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ANDERSON COOPER 360 DEGREES
Airman Shot on Tape; When Cops Open Fire; DNA Testing: The Reality; Enron Trial Update; Postal Massacre; Co-Workers Who Kill; Going Postal; Bush's Purpose; The Envelope, Please
Aired February 1, 2006 - 23:00 ET
THIS IS A RUSH TRANSCRIPT. THIS COPY MAY NOT BE IN ITS FINAL FORM AND MAY BE UPDATED.
CHRIS LAWRENCE, CNN CORRESPONDENT (voice-over): confusion in this dark and grainy home video.
UNIDENTIFIED MALE: Get up...Ok? Get up.
ELIO CARRION, SHOT BY DEPUTY: I'm gonna get up.
LAWRENCE: Airman Elio Carrion survived six months of duty in Iraq and then got shot by a sheriff's deputy near his hometown. Agents are analyzing the tape to find out why.
DEPUTY: Shut the *** up! You don't *** get up!
LAWRENCE: Investigators are trying to find out if there was a third person talking, adding to the confusion.
UNIDENTIFIED MALE: You told him get up!
LAWRENCE: Carrion is a security officer in the Air Force, a husband, home visiting family in California. Sunday night he was a passenger in this car, which police say was speeding. The deputy had to chase it for a few minutes before it crashed. The driver was arrested, then released a couple days later.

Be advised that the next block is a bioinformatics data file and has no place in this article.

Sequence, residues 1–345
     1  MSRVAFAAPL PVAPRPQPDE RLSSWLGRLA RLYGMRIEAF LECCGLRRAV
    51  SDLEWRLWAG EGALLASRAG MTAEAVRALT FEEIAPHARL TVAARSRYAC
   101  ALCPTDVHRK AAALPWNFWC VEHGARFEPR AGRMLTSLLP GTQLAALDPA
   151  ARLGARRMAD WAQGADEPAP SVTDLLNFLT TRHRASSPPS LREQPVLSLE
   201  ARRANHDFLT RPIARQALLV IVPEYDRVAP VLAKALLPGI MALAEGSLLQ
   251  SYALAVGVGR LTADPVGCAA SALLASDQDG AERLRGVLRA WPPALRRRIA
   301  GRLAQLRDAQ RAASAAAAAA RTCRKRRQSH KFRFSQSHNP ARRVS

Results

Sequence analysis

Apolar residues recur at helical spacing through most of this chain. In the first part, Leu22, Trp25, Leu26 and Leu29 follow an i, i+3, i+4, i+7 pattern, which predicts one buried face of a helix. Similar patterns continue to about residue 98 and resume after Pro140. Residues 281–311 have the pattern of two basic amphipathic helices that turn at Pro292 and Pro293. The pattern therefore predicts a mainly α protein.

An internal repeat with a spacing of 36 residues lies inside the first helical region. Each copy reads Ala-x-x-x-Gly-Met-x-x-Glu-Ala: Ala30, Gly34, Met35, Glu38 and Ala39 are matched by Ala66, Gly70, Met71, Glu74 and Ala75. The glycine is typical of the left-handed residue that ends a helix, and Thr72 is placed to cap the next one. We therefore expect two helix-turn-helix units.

UNIDENTIFIED MALE: I just want to see my friend right now.
LAWRENCE: Seconds before the shooting, Carrion tries to tell the deputy, I'm on your side.
UNIDENTIFIED MALE: I served more time than you in the police military OK?
LAWRENCE: The deputy tells Carrion to get up. But is that what he really meant?
DR. BRUCE BERG, POLICE TRAINING EXPERT: When we played it again, it sounded like he could have said, don't get up.
LAWRENCE: Dr. Bruce Berg is a police training expert. He says the adrenaline's pumping after the chase. There's two suspects and all kinds of background noise and the deputy may have mangled the instruction to get down and shut up. BERG: One could interpret that if you've just told someone, stay down, stay down, shut up, stay down, and they move to get up while you're watching the other suspect, you see out of the side of your eye someone getting up, you're going to turn and reflectively -- you're going to fire.